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The Malakoff News
Malakoff, Texas
October 8, 1981     The Malakoff News
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October 8, 1981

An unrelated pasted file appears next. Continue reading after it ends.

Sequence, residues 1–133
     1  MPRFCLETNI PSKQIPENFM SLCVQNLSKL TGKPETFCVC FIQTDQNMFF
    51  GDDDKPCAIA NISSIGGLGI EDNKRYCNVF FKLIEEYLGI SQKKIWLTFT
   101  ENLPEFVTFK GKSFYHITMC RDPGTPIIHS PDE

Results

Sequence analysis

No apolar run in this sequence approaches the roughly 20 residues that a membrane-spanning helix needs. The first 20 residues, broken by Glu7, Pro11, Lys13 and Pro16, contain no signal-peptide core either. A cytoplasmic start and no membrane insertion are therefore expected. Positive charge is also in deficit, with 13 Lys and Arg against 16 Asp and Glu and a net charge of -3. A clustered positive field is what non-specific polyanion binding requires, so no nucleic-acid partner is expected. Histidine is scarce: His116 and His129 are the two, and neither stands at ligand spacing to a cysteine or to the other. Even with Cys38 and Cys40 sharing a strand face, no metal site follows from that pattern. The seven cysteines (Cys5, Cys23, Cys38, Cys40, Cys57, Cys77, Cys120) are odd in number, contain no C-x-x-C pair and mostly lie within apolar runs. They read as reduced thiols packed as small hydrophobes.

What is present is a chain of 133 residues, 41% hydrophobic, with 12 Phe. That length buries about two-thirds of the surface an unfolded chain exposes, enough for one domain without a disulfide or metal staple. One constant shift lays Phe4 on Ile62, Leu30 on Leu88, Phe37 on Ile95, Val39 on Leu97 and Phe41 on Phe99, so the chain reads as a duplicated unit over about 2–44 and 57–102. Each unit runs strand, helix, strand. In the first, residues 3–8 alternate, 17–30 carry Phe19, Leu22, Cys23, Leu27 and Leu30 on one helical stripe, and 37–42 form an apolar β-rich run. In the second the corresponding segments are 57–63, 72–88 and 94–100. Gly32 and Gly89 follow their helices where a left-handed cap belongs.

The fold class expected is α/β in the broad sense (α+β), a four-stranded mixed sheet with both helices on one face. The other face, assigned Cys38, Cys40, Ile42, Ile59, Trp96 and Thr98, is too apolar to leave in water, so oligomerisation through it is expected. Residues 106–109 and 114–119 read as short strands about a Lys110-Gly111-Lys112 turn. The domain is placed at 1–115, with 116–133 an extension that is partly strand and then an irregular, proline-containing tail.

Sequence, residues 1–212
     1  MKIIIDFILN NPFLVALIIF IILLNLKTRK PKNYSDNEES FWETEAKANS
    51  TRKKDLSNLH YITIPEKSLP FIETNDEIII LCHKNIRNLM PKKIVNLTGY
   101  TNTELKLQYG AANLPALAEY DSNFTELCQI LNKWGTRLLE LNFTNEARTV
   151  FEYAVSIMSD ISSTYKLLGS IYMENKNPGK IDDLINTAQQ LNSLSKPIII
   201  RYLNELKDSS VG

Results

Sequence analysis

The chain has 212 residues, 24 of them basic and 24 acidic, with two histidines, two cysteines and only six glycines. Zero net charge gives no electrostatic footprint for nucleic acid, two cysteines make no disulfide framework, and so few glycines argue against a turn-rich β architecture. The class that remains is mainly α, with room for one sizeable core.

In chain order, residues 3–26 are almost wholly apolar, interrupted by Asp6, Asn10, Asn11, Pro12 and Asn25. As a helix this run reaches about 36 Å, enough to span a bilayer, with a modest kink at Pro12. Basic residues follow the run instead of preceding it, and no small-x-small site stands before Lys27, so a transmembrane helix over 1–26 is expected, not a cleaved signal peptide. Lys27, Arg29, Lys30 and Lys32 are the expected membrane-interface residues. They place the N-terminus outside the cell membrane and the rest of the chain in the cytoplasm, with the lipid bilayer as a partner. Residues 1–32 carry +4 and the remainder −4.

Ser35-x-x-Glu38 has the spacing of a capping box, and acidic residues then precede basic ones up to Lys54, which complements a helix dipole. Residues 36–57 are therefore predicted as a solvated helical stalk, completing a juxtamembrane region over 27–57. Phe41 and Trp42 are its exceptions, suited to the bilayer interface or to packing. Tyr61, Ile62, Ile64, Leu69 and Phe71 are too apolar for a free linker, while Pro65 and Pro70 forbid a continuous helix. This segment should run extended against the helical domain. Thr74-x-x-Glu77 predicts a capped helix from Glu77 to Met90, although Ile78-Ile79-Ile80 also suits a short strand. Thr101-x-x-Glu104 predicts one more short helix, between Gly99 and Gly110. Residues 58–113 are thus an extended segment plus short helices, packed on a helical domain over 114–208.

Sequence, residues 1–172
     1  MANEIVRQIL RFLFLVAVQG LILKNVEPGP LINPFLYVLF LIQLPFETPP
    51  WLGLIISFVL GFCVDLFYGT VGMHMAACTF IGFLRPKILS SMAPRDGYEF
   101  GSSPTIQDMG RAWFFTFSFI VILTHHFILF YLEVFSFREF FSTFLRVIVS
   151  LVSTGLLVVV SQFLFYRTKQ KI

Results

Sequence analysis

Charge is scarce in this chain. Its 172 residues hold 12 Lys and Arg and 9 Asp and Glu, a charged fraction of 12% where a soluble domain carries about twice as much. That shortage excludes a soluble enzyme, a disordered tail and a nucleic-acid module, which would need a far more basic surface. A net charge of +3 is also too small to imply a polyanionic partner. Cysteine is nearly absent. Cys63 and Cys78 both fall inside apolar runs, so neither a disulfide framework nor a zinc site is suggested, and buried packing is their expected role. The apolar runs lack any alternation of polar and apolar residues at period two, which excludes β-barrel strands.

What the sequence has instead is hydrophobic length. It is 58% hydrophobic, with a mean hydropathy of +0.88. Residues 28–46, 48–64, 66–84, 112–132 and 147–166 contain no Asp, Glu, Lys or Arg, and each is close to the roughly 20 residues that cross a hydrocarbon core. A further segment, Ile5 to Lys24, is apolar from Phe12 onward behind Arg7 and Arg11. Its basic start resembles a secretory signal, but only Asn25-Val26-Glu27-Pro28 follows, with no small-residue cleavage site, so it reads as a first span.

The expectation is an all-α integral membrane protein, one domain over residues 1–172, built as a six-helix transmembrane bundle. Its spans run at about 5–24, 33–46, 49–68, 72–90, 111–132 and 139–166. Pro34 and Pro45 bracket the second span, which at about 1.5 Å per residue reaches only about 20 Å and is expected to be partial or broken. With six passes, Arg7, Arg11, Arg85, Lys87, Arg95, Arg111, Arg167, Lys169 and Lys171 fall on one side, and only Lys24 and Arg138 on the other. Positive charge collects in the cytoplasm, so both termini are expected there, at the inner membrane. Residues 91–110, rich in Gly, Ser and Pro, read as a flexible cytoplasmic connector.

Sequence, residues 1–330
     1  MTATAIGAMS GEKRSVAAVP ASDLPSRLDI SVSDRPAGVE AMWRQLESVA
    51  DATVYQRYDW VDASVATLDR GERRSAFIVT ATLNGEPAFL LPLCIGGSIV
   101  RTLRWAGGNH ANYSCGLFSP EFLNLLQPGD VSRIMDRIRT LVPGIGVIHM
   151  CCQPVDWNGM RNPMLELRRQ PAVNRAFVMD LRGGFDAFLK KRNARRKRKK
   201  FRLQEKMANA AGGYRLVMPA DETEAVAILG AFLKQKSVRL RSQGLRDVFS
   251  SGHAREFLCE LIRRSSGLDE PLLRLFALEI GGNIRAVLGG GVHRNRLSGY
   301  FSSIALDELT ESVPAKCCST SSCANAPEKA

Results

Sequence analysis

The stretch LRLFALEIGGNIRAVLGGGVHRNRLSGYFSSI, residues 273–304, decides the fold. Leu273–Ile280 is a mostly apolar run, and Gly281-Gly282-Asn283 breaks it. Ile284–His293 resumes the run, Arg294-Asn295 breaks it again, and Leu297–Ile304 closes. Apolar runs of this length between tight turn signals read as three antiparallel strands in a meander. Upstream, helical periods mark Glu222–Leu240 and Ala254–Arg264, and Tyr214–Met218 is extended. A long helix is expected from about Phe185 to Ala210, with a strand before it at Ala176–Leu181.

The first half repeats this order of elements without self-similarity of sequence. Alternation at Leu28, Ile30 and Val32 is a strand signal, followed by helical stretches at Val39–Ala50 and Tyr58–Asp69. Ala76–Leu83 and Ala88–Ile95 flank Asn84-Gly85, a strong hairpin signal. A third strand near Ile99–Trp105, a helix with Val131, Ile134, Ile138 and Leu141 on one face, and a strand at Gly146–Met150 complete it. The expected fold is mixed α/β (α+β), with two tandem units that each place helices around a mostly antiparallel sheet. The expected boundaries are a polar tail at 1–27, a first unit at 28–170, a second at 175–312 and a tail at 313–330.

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10A--The Malakofl News, Thursday, Oct. 8, 19Sl Take a break; and be ready*. Tigers almost learned a lesson the hard way in Red Oak last Friday night. Favored by 24 points, the local grid heroes had to fight for every yard and point in their tough 13-7 decision over ~,~bm the lowly Hawks by virtue of a case of v,,aR~,q over-confidence, v~, em,a night. Favored by 24 points, the local T~v,~ grid heroes bad to fight for every yard ~.e.~m,~ and point in their tough 13-7 decision F,.~.vLm over the lowly Hawks by virtue of a hu~ case of over-confidence. P"~ Oh, to be sure, the Hawks, inspired by r~m 21 a capacity homecoming crowd, were ~ 0 playing much better than they had in their three previous outings this season. As you might expect, with a perfect 5- 0 mark, the Tigers are dominating the statistical department against their op- ponents. Below are the Tigers' team stats through five games as well as those of their opponents: REVIEWING 18AAA But let's face it, the Tigers did not exac- Only the Rusk Eagles joined the tly have the respect for the Hawks as Tigers in the lSAAA winner's circle this they did against teams like Kerens, past Friday. The Eagles upset a Brownsboro, Mabank and Canton. And powerhouse AA Groveton team, 20-6. ~]n that's understandable to a point as the other games involving 18AAA family Hawks had lost 12 of 14 games coming members: Rosebud-Lott bombed Fair- into the contest and showed little signs field, 42-28; Madisonville ripped of breaking the slump. So, in that regard, the Tigers learned a lesson without having to pay. Thankfully the undefeated Tigers are heading into District 18AAA warfare, in two weeks, and will not face the Red Oak situation again. Each and every team in the loop is capable of beating Teague, 34-13; Jacksonville mauled Crockett, 22-7 and Hearne blasted Westwood 33-6. CLINT CLEMENTS--The Tiger kicker shoed one PAT and sent all three of his kick-offs inside the Red Oak 10- yard line during the Tigers' fifth win of the season. *JIMMY CARTER--Trinidad's bruising runner scored the Trojans' fir- st touchdown of the year from two- yards out against Scurry-Rosser Friday night. *TIM POLK--The.Trinidad back led the Blue and Gold's rushing attack in their 28-6 loss to Scurry-Rosser. Poll amassed 23 yards during the loss. the other so the Tigers will have to give the utmost respect to their fellow loop members. Thus, the concentration level should remain high. Penalties and turnovers made their way back into the Tigers' camp against the Hawks. The Tigers were flagged eight times for 84 yards in their best impersonation of the Oklahoma Sooners, turned the ball over a too high seven times. Here again, we get back to the Tigers' frame of mind. When the Tigers are mentally alert, passes aren't dropped, hand-offs aren't mishandled and silly penalty infractions aren't detected. Another area suffering in the Red Oak tilt was the kicking game. The Tigers punted four times for a 28.1 average an(J on each punting effort the snap left something to be desired. The Tigers also had one PAT attempt never materialize due to a bad snap. This week's open date will give Coach Dale Norris and Company time to sharply tune this all important phase of the game. Despite the sluggish performance, there were some bright spots in the Tigers' fifth winning effort of the season. The Hawks also turned the ball over seven times, but let me promise you my friends, five of those miscues were either caused by teeth-jarring blows by the Tigers or a fast-moving pass rush, One phase of the Tigers' kicking game was in top gear as kicker Clint Clements booted all three of his kicks inside the opponents' 10-yard line. ~Nvrlum at tu~ Malolud~O~UI F~v~dd.OPln CmdmttOP[n Wahnm~[n Tuqu~OMn NEXT WEEK: A LOOK AT IHAAA Next week we'll take a look at the for- thcoming race for all the 18AAA mar- bles. We'll try to answer the lingering questions-Can Malakoff break its 31- year district championless streak? Will the Rusk Eagles repeat last year's march through 18AAA? Or, will the Fairfield Eagles live up to their pre- season favorite role? Tune in next week... MY GUESS IS... The Texas Longhorns and Oklahoma Sooners will renew their ancient Red River rivalry Saturday in the Cotton Bowl before a standlng-room-only crowd. Both teams own experienced, tough defenses, so the offense that is able to move the ball and avoid the tur- nover will come away the victor. My guess is that Oklahoma will win the turnover battle, 6-3, and Texas the game, 20.16. l 0 .HOMER TURNER--Entering the Tiger backfield in the second half, Tur- ner scored the first Tiger six-pointer from 14 yards out. During the Tigers' 13-7 win over Red Oak Turner rushed eight times for 30 yards. , RON SPEED--The Tigers' defensive end recovered two fumbles, one which led to a score, and garnered several solo tackles versus Red Oak Friday. .CAREY JACKSON.--The offensive and defensive lineman for the Tigers recorded several tackles, forced one fumble and provided outstanding blocking for the Tiger running backs in the Tiger conquest of the Hawks. *vie KIRKLAND--Malakoff's tight end caught three passes for 57 yards against Red Oak Friday night. The Tigers won 13-7. *LOUIS FLOYD--The Cross Roads defender recorded 13 solo tackles and five assists in the Bobcats' 22-13 loss to tough Palmer. . FRED WINSTON--The Bobcat back led all Cross Roads runners against Palmer with 47 yards. Palmer downed the 'Cats 22-13. *RUSSELL GILES--Cross Roads' tough running back rambled for 29 steps Friday night versus Palmer. The Bulldogs beat the Bobcats 22-13. *BRAD ELSOM~nior lineman for the Trojans, for his containment of op- posing Scurry-Rosser linemen. Elsom was credited with four quarterback sacks and numerous assists. JOHN MCCAIN Offensive Lineman RUSSELL TARVER Offensive Back 0 1 0 0 O DEFENSING THE RUN--Trojan Derek Jackson positioned himself to take on a blocker and the runner as sweep play developed. Scurry-Rosser overcame a determined Trinidad effort to capture a 28-6 win. Rounsavall) ans non-, SCURRY--The Trinidad Trojans proposed marriage to the "Lady of Vic- tory" for three quarters here Friday night, but were finally turned down and settled for their fourth straight defeat. Scurry-Rosser's Wildcats overcame a tremendous Trojan effort to dump the visitors 28-6. The Trojans gave the favored Wild- cats all they could handle for three quarters before succumbing to an out- break of various adversities in the final stanza. The Wildcats errupted for 22- final quarter points to capture the win. The victory-starved Trojans alerted the Wildcats of their presence from the opening kick-off. Operating on offense initially, the Trojans drove from their own 25 to the midfield stripe before pun- ting possession to the 'Cats. Quarter- back Charles Colman connected with Kyle Floyd for a 26-yard pick-up for the drive's big gainer. Floyd was later for- ced to leave the contest with a knee in- jury. Scurry-Rosser found the Trinidad defensive unit too much to handle on their first offensive series. A Jimmy Carter sack on Wildcat quarterback Phillip Marlar stymied the 'Cats and forced the hosts into a punting situation. After an exchange of punts as action moved into the second stanza, the Trojans, determined for their first touchdown of the season, proceeded to use almost all of the second quarter clock and drove 50 yards for a touch- down. The drive actually covered more yards as the Trojans were flagged three times and Colman suffered two sacks. After driving to the Scurry-Rosser 29, Colman rifled a 26-yard pass to Jerry Stanfield, moving the visitors to the three-yard line. One play later Carter plunged in from the three with 3:41 to go in the half to give the Trojans a 6-0 lead. Paul Airheart, Alan Livingston, Larry Parker and Brad Elsom, who had four quarterback sacks on the night, continued to apply pressure on A FOOT RACE--Trlnldad's Tim Polk raced for additional Scurry-Rosser's Tim Session behind. The Trojans were but fell to a Wildcat explosion moments later to lose 28-6. Rounsavall) the 'Cats and forced another punt. The Trojans returned the favor six plays later and the first half concluded with the Trojans still on top 6-0. The two teams' punting exhibition continued until the third quarter when the Wildcats were finally able to crack the Trinidad defense for a score. Marlar tossed an ll-yard scoring strike to William Nixon with 5"1 ticks left on the third quarter clock. The PAT failed, leaving the score tied at 6-6. Scurry-Rosser's avalanche of fourth quarter scoring began moments later as Leland Gibbons broke the Trojans' back with a 51-yard run. Tim Session added the two-point conversion to put the 'Cats on top 14.6. Two possessions later after the Trojans flirted with some offensive success, David Crawford added another Wildcat six-pointer, diving in from the one with 3:19 remaining. The two-point conversion 'Cats led 22-6. The Wildcats' fins seconds later after the Trinidad punt on the 13, Crawford's running points failed, giving margin of victory remaining. Tim Polk led the tack with 23 yards. Trojans amassed 85 while the 'Cats yardage. Scurry-Ro~' Trojans in first downs, The Trojans victory number one they journey bring a major upset into the Trojan is7:30p.m. JUST HANGING ON--A Scurry-Rosser defender held on to the feet of Trinidad running back Derek jackson ss mates hustled In to help. Scurry-Rosser blitzed the Trojans 28.6. (Staff photo by Ann Rounsavall) ROY GLOVER Defensive Lineman RON DENIS Defensive Back ROYALL INSURANCE AGENCY HOME-COMMERCIAL-AUTOMOBILE INSURANCE Representing: Employers Casualty, Employers National, Motor Insurance Corp. 489-0520 See... Sue Barnett Malakoff 510 W. Royall Blvd. *MARK THOMPSON--Sophomore Trojan lineman. Thompson was pitted against a 240 pound Scurry-Rosser By BOBGUILIANO the Bulldog defensive line with a 15- Bobcats' decline in lineman in the Friday night contest and CROSS ROADS -- The Palmer yard rush. Jeff Tunnell tossed a pass "We celebrated too drew the cheers of the crowd for his Fighting Bulldogs had to lick their that gently wobbled through the air to defense really continuing efforts, wounds trailing 13-7 at halRime before the upward stretched hands of Matt We're not through. coming back to take a 22-13 win Friday Anding who just happened to be it another shot nexl ,Jl ,, |' over the Cross Roads Bobcats. The surrounded by three Palmer defenders. FridayatCayuga).. Bobcats left a fiery touchdown trail in Then, Tunnell spun the ball to Myron Second half proble z ,d .sll ' , NEW YORK (AP) -- Patty Sbeeban, a younger member of the U:'GA, the first quarter, during which all their Green for a 35-yard touchdown pass. scoring occurred. The PAT was good, but Bobcats' luck started out in sports as a skier. At the "They were real high and emotional was due for a twist. age of 13, she was rated No. 1 in the in the first half," Bobcat head coach As second quarter action began with retlred.cuntry for girls that age. At 14, she Keith Tunnell said of his team. "I don't Bulldogs trying to plow up yardage, think Palmer in the first half thought Bobcats' defense kept shoving them with "5 : 53" left in the When her family moved from Ver-we'd be able to play." down into the ground. Then Bobcat PAT was good, and pa v( mont to Reno, Nev., Patty took up golf. After the first kickoff of the game, Fred Winston sacked the quarterback, even better. "The competitive aspect of golf came easily after my skiing experiences," she said. "But the dedication was more difficult. In my first three years in college I didn't take the game seriously. Now that I am a professional I know I have to." INTERNATIONAL HORSE LEXINGTON, Ky. (AP) -- A Muscovite is a native of Moscow and a stall/on standing at Spendthrift Farm here. The bay horse has a truly in- ternational background. Being a son of NlJin~ky he has a Russian name, he trained in Ireland, raced in Europe and now is in stud in America. Palmer and Cross Roads exchanged turnovers back and forth until this chain of events: Bobcat Harvey Brown made a fumble recovery on the Palmer 5-yard line. Dewaine Cain then made a running play down the left end and was thrown out of bounds like a basketball. But Palmer didn't expect Cain to bounce back on the rebound with a rush to score a touchdown with 6:09 left in the first quarter. The PAT failed, but Bobcats' spirit didn't. Palmer received the kickoff and began running plays consistently checked by Bobcat defense. Bobcats got the ball and another series of events ensued: Russell Giles broke through But a smooth flying 35-yard Cain pass to Green was incomplete, and each team took two turns recovering fum- bles. Bobcat Mike Riggers knocked down the leading Bulldog rusher, Dennis Robinson, as he zoomed within yards of a touchdown. Bobcats got the ball and moved it to the Palmer 27 yard line. Then the twist in luck occurred. Robinson bursted loose from the pack for a 77-yard touchdown run doggedly pursued by Winston who couldn't get within tackling reach. The PAT was good and the scoreboard at 1:55 in the second quarter read 13-7. Coach Tunnell commented about the Bulldog Robert Palmer's last 'I'D game, and Robinson' two-point conversion Gerich. Leading Bobcat ston, 47 yards, Leading tacklers with 13 and five nine and four, and and two. Leading Robinson with McElhaney with 53. were Donnie Dixon assists, and Mark and two.